The Crown could not provide any medical or scientific evidence at all supporting its claim that it had occurred. Moore’s case may not seem that important in the context of the others that resulted in sentences for more serious offences, but it is. It has deprived Moore of his good name and prospects. Nothing can restore his career now – an aspiring television presenter at the time, his career was wrecked by a case that yet again lacked an integrated approach to the law and medical science and witness evidence, which suggests that Moore’s conviction should not be considered safe.
At the very least the CCRC can legitimately be expected to resolve differences between experts in cases like this, especially as the solution is so obvious. Medical practitioners sometimes have powers of life and death. That’s obvious, but occasionally, so do forensic scientists, which may not be so clear. The classic example of this is the man termed by some ‘The Father of Forensics,’ Professor Sir Bernard Spilsbury.
It is clear from analysis of his work that he was prone to allowing his testimony to go beyond the limits of his science and for his prejudices to trump the interests of justice. Nevertheless, in his day, Professor Spilsbury’s reputation was second to none, sending many to the gallows, but perceptions changed and had begun to do so even in his lifetime.
Perhaps fearing exposure and disgrace as his powers waned, Spilsbury took his own life in 1947. He is now seen by no less an authority than the eminent retired forensic pathologist, Professor Bernard Knight, as ʻa very dangerous manʼ.’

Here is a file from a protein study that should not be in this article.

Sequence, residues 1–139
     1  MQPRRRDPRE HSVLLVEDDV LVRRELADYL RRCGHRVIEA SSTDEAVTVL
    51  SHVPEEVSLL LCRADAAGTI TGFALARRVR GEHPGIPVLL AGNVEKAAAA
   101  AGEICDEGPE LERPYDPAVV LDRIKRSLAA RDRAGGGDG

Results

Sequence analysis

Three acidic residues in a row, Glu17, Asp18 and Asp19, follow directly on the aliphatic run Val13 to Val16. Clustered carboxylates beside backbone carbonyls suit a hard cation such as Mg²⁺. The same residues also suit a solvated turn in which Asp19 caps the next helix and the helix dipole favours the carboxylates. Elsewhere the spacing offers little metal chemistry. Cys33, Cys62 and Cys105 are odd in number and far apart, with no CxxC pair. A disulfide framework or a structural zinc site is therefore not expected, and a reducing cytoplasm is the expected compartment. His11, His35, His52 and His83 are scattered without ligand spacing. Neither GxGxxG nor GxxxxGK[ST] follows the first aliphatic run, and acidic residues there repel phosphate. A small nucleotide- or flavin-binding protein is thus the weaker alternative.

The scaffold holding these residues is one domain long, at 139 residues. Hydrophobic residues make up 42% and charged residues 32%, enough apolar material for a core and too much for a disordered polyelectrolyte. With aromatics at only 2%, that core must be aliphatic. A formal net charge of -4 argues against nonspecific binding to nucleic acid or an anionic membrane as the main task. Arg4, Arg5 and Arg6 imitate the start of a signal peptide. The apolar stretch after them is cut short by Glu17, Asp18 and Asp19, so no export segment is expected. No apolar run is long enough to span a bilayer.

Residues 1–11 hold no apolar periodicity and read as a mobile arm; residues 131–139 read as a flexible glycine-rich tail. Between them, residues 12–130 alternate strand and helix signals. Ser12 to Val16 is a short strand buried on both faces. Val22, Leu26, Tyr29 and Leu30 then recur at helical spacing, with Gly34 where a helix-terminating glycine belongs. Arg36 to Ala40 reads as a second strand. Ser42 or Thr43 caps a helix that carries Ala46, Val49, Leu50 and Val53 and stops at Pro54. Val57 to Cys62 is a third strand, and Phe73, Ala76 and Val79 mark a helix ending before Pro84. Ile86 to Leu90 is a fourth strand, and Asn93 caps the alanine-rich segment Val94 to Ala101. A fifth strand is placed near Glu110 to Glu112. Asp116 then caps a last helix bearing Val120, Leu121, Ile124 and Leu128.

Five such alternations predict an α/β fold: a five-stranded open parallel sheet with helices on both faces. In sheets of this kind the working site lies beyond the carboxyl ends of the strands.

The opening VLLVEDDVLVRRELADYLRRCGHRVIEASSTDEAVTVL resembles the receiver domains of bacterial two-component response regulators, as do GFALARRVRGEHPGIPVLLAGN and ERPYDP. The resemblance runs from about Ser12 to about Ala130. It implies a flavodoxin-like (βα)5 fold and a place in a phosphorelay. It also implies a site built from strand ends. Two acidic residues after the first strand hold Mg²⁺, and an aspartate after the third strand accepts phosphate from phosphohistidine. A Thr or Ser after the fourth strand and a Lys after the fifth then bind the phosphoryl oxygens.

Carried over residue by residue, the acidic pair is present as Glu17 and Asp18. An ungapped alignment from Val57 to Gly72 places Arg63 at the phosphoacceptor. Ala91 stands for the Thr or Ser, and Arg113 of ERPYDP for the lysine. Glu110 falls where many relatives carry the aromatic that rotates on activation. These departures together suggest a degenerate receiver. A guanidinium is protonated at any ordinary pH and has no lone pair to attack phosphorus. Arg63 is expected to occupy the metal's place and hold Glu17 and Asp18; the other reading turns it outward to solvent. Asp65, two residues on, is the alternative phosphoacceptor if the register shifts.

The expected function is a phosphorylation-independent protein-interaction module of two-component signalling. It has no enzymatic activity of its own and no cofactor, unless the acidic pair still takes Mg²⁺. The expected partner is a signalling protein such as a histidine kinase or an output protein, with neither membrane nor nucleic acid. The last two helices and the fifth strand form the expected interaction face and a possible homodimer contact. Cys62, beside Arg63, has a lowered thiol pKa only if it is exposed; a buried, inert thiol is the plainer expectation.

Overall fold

The consequences of Spilsbury’s reputation were extremely dire for some. However, he made forensic pathology respectable and solved many mysteries – some of which were the most famous of his time. Hawley Harvey Crippen, Frederick Seddon, George Joseph Smith, Major Herbert Rowse Armstrong and Alfred Arthur Rouse all went to the gallows on Spilsbury’s say so, but perhaps the most important of Spilsbury’s victims was Norman Thorne – executed for a crime he may well have been innocent of.
He coined a phrase that offers a stark warning of the risks of poor science and over-reliance on reputations, built on false foundations. “I am a martyr to Spilsburyism,” Thorne said days before he was hanged for a crime that probably never occurred – suicide was at least a possibility even if it suited Thorne’s convenience.
Thorne’s denunciation of Spilsburyism was years ahead of his time, but it should be remembered and today’s expert witnesses must also be aware of the consequences of inflexibility in their evidence. Once Spilsbury had made up his mind, nothing could change it, including evidence, which sadly finds an echo in some of today’s experts in many jurisdictions.
This review of Andrew Rose’s book Lethal Witness: Sir Bernard Spilsbury, Honorary Pathologist at http://www.telegraph.co.uk/culture/books/non_fictionreviews/3667415/An-over-celebrated-pathologist.html gives a flavour of the controversial pathologist’s methods.
 The Fitted-In Project will be publishing a pamphlet on the consequences of Spilsburyism and its legacy in 2016.
 For further information on the former Fellow of the RSM see http://www.timesonline.co.uk/tol/news/science/article5429780.ece